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Dr. Bordogna's Remarks


What are the New Priorities for the "Endless Frontier"?

Dr. Joseph Bordogna
Acting Deputy Director
Panel Address
Engineering Forum of Mercer University
Technology and the New Millennium: Dynamic Transitions in Industry

November 1, 1996

Good Morning. Thank you for that kind introduction.

I consider it a great honor to have been invited to address this important gathering in one of the nation's great cities. I know that everyone in Georgia has probably not gotten over the Braves' tough loss to the Yankees yet, but I'm sure that this hasn't dampened your enthusiasm for the topics we are discussing today. As a former baseball player and Phillies fan, I have my own angst about the Phill's miserable performance the past few years but I think it hasn't affected my work at NSF too much. Not yet anyway.

I stand before you this morning with some welcome news: I want to assure you that--as there is here in greater Atlanta, and throughout Georgia, there is great excitement in Washington about the future of science and engineering and the capacity of scientists and engineers to be partners in the great new era of super high technology looming before us.

In this context, it is a pleasure this morning to have the chance to share my thoughts on a topic that many in our community view as a great unknown--New Priorities for the Endless Frontier. I think we all have some idea what the word "priorities" means. It's the "new" part that leaves us at a loss. I would therefore like to focus my comments today on what we mean by the modifier "new" in the term "new priorities."

My aim is to launch a discussion with you on two subjects: first, the role of information technologies in shaping and sparking this time of change; and second, the opportunities these changes create for progress in science and engineering, in education and learning, and for economic growth and social benefit--all of which are intimately tied together.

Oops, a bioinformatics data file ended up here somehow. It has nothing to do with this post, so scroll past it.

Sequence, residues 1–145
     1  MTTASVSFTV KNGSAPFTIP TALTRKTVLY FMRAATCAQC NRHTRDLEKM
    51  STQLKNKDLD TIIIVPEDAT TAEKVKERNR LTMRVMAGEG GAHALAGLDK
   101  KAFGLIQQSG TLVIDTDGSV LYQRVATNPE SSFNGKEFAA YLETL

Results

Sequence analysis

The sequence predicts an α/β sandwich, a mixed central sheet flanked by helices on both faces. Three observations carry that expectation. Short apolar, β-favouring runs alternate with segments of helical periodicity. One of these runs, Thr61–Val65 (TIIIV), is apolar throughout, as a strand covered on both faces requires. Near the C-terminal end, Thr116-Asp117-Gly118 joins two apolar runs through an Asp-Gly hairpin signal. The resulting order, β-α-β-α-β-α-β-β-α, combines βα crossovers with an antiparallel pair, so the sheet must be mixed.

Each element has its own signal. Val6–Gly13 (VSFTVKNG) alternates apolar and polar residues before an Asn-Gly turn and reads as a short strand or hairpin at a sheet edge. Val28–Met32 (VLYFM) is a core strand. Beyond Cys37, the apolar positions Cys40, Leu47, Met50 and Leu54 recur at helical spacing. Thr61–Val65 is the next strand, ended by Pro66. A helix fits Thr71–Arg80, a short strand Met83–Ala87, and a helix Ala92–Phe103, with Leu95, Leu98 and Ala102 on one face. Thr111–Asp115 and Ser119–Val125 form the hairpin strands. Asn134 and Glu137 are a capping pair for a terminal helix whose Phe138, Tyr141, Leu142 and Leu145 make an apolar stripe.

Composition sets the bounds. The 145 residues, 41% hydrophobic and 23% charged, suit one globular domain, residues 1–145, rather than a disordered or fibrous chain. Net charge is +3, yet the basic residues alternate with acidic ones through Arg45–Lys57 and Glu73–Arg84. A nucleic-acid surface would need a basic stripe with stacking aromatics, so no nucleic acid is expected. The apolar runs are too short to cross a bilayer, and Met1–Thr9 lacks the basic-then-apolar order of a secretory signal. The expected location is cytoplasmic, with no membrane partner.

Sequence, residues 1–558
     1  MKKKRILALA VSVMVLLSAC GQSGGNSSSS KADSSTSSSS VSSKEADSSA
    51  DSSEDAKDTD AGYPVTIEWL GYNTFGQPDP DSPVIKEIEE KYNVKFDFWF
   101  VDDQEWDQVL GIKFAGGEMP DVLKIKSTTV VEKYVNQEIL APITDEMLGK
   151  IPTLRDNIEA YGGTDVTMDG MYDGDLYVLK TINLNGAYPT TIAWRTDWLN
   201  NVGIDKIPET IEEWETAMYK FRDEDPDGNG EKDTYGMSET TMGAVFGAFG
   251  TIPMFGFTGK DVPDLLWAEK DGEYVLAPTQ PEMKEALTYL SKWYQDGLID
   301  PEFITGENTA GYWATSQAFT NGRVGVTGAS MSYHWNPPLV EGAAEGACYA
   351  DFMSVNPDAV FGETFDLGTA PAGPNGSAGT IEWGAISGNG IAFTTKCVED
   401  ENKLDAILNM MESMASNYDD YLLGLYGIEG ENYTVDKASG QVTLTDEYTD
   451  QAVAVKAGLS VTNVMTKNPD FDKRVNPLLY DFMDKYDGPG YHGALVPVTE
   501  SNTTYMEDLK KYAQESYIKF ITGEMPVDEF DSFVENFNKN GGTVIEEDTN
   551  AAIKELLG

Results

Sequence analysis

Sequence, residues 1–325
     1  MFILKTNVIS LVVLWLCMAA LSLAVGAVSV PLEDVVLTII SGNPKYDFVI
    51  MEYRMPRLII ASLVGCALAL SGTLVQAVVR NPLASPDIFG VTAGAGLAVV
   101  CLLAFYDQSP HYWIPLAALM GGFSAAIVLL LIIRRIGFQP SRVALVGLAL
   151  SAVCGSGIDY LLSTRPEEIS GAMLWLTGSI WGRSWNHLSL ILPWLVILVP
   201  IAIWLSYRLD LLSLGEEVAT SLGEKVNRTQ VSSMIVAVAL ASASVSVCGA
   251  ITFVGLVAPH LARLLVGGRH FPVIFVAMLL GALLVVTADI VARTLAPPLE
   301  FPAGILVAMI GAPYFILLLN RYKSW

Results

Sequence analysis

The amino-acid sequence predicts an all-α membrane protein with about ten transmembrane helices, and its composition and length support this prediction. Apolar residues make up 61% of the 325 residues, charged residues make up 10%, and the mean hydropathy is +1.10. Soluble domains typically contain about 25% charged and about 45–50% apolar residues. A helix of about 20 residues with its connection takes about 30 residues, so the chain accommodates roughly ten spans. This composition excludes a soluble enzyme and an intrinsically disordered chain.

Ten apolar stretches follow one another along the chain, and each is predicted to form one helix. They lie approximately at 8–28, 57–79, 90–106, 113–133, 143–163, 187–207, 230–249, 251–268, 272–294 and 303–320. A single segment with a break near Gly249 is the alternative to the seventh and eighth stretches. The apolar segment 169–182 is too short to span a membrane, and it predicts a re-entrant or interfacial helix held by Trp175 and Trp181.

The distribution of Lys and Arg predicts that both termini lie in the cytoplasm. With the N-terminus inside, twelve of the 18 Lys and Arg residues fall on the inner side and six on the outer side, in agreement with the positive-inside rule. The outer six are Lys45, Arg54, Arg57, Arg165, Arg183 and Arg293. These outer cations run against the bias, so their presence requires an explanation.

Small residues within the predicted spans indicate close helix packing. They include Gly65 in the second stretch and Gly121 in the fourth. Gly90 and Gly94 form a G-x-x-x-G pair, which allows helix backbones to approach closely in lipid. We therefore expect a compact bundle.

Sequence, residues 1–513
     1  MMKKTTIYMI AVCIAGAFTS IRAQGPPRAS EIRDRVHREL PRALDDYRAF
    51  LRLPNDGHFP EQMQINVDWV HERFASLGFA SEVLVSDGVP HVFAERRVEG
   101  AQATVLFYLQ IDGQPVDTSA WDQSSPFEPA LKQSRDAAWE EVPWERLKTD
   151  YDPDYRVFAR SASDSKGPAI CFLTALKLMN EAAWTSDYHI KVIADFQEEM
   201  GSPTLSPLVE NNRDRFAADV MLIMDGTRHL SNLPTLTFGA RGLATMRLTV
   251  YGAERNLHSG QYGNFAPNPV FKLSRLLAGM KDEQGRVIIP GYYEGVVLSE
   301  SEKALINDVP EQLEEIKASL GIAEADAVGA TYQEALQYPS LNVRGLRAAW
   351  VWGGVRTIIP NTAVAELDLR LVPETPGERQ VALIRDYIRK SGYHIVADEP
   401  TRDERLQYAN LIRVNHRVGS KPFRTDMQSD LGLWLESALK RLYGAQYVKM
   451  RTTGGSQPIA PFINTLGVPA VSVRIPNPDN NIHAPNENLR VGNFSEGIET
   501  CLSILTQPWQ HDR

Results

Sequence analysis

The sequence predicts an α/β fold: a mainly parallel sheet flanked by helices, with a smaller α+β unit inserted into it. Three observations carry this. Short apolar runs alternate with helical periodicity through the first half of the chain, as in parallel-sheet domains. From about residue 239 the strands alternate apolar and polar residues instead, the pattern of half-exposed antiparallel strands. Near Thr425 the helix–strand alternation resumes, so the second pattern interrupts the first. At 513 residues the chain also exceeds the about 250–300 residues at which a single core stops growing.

Both of these topics require that we fully appreciate the presence of the adjective "new" in "new priorities." I am reminded of the classic commercial ploy that was captured in a memorable 1950's-era cartoon from the New Yorker and similar periodicals of that day. A salesman was pitching his product, a brand of laundry detergent, claiming it was better than ever. The box said, "new and improved" in big, colorful letters. A skeptical customer then asked, "what's so new and improved about it?" To which the salesman confidently replied: "The box, we put the words new and improved on it."

As we all know in our society, internal substance is many times masked by an attractive, but nonetheless meaningless, external facade. Today, I hope to make clear that fashioning new priorities for science and technology will require more than just clever re-packaging.

Before I speak of these new priorities, I want to give you a flavor of how and why the organization I work for--the National Science Foundation--was conceived. As Norm Augustine mentioned in his opening keynote, our society is going through some monumental social and economic transformations. The National Science Foundation was created in a period of serious demographic, technological and social change: namely the aftermath of World War II. Vannevar Bush--President Franklin Roosevelt's Director of the OSRD--Office of Scientific Research and Development and an engineer no less--wrote the seminal work--Science, the Endless Frontier--that laid out the blueprint for a federal organization that eventually became the National Science Foundation.

In asking Bush for the study that led to the Endless Frontier Report, Roosevelt recognized the immense contributions that science and engineering made to the winning of the war and would continue to have in succeeding years for society generally. Consequently, the ultimate objective was to create a mechanism by which the federal government would nurture and maintain a viable integrated science and engineering research and education enterprise that would work effectively for the national welfare.

At NSF, we are continuing this tradition of science and engineering in service to society. Our mission--as set forth in our strategic plan--is to promote the progress of science and engineering through the creation of new knowledge, its integration, and transfer to society...primarily through graduates from academe and trusted partnerships among industry, academic institutions and governments.